News Archive

Outside the Box: Feline House Soiling

cat on toilet

Rachel Landesfeind, DVM

Perhaps the most frustrating part of pet ownership is that we cannot ask our pets questions. Well we can ask, but we are unlikely to get a useful response. For instance, I’d love to know why my dog Gracie licks the living room couch to the point of drenching it.  Or why my poodle mix lies on the end of my bed and growls at the floor. Is she angry at it? Has it wronged her somehow?  Would she have preferred a darker finish?  I’ve asked her, but she’s not talking. Dogs and cats are maddeningly tight-lipped when it comes to Q & A sessions.

We can live with most of these little mysteries, but there are some problems that can become deal-breakers if left unsolved.  If you’re a cat owner, you probably know what I’m talking about. You may have even shouted these very words: “why can’t you just use the freaking litter box???” (most versions contain more expletives, but this is a family-friendly article so I’ll let you use your imagination). Well, yelling won’t help, but if you learn how to ask the right questions, you can ... Read more

Pets and Holiday Hazards

Rachel Landesfeind, DVM

As the holidays approach, most pet owners are too busy worrying about pumpkin pie, stuffing, and how to keep Aunt Edna away from the eggnog to think much about how the festivities will affect their pets. However, the holidays are a very busy time for veterinarians because they can pose some pretty serious health risks to animals. Nobody wants to spend a holiday at the vet’s office, so here are a few common hazards to avoid.

Everyone has heard that poinsettias are highly toxic to dogs and cats. In reality, the true poinsettia plant (Euphorbia pulcherrima) is a mild gastrointestinal irritant that rarely causes major illness. Holly and mistletoe also have a bad reputation, but although mistletoe can cause heart problems if ingested in large amounts, these plants generally just cause GI upset.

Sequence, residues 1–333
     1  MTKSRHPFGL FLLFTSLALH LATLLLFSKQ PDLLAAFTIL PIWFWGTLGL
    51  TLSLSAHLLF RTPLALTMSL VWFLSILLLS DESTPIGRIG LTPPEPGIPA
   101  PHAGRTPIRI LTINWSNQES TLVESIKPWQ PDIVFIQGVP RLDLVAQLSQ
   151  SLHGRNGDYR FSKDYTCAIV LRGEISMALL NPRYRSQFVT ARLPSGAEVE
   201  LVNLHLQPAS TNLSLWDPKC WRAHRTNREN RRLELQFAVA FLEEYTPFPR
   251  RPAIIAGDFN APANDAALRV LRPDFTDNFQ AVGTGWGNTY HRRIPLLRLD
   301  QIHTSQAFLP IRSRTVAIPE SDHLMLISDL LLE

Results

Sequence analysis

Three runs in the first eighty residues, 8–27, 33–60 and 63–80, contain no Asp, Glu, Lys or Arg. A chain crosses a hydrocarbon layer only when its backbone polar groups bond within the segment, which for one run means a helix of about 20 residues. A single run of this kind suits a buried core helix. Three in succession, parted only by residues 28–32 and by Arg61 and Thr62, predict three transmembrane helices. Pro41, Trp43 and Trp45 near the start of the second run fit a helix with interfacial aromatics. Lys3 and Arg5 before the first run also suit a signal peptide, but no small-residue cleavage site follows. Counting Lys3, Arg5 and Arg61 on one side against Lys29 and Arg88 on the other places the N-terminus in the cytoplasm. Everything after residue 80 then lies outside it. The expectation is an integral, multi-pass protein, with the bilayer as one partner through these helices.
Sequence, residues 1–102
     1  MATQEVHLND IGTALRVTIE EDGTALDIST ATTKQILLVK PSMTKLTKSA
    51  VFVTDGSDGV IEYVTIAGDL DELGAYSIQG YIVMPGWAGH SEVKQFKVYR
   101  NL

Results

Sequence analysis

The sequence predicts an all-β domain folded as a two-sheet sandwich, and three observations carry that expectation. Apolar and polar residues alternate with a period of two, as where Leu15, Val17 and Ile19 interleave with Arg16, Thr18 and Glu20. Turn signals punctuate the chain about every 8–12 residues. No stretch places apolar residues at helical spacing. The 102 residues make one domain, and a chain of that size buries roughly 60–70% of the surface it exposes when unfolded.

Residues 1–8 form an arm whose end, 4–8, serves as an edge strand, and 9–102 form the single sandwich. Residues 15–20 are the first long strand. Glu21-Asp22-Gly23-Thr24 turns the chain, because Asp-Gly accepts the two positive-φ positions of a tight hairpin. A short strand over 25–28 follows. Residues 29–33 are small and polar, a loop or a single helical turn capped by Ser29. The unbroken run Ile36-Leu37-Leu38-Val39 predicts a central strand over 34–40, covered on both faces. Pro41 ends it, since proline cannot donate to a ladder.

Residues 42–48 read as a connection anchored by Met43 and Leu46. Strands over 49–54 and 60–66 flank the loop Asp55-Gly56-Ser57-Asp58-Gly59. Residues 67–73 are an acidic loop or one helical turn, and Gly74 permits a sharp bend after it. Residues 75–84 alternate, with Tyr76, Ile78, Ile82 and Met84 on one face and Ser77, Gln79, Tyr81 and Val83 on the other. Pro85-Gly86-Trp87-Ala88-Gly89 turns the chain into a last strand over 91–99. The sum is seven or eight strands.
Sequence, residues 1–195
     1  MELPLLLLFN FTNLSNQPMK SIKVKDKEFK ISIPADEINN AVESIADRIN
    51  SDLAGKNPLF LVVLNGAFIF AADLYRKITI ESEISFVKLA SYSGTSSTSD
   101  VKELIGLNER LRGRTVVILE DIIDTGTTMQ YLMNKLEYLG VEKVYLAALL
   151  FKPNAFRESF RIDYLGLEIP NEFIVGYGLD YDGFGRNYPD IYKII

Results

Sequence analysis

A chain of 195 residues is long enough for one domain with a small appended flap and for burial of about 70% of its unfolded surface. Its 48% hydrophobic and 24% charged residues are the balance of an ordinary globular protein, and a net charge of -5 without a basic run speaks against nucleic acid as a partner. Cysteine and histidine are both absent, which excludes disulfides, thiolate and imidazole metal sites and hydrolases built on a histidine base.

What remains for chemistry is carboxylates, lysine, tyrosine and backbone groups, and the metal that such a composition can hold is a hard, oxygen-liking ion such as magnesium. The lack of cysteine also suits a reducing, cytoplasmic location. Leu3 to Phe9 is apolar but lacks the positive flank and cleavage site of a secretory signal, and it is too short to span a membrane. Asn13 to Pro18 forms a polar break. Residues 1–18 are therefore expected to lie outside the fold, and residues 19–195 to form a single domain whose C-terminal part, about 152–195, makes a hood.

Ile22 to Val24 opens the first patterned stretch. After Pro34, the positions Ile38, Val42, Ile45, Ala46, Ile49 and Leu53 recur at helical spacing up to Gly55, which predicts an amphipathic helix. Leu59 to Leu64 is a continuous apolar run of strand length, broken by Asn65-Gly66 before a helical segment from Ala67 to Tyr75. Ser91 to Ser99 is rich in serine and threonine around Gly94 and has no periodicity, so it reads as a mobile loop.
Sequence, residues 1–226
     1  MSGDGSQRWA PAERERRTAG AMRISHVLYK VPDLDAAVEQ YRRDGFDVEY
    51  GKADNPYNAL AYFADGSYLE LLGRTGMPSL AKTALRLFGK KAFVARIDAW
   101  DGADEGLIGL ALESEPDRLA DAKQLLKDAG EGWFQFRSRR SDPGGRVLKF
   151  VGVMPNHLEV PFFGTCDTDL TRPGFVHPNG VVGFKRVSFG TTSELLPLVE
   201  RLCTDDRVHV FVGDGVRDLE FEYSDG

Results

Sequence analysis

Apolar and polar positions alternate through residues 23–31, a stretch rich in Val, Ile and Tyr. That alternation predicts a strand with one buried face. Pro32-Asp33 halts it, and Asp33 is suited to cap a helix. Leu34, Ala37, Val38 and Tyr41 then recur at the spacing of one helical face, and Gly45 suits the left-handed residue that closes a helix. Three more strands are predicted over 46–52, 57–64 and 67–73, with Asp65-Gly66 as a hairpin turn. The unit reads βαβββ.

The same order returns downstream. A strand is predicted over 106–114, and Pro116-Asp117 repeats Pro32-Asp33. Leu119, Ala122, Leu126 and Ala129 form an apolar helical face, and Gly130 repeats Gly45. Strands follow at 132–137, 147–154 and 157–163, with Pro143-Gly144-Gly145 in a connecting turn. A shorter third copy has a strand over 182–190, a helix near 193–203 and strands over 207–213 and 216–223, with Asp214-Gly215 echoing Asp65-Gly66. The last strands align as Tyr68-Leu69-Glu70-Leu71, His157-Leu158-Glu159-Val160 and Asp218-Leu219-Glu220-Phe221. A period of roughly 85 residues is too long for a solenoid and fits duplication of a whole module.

The major plant of concern is the lily. True lilies (Lilium and Hemerocallis species) are extremely toxic and even a small taste of any part of the plant can cause fatal kidney failure in cats. While lilies have not been reported to cause kidney damage in dogs, they do ... Read more

Itching and Allergies

Rachel Landesfeind, DVM

It’s a beautiful morning on Mount Rushmore. You’re roller skating on Thomas Jefferson’s nose with Johnny Depp, Ringo Starr and your late uncle Bernie. Johnny is about to execute a perfect triple-axel when suddenly everything starts shaking and you sit up in bed. Is it an earthquake?! No, it’s Buttercup, scratching like a maniac and shaking the bed. AGAIN. That’s the third time this week! You can banish her from the bedroom and go back to sleep, but that won’t solve her problem.

In Southern California, the number-one reason for veterinary visits is an itchy pet. Unfortunately there are so many causes for itching that the problem is often not immediately apparent. It can be difficult to determine the source of the irritation, which gets frustrating for owners and vets alike. Not to mention poor Buttercup, who gets carsick on the way to the vet and is STILL itchy.

This article will touch on the most common reasons for itching in pets, but cannot cover them all by any means. The following is meant as a guideline and not as a diagnosis or treatment plan ... Read more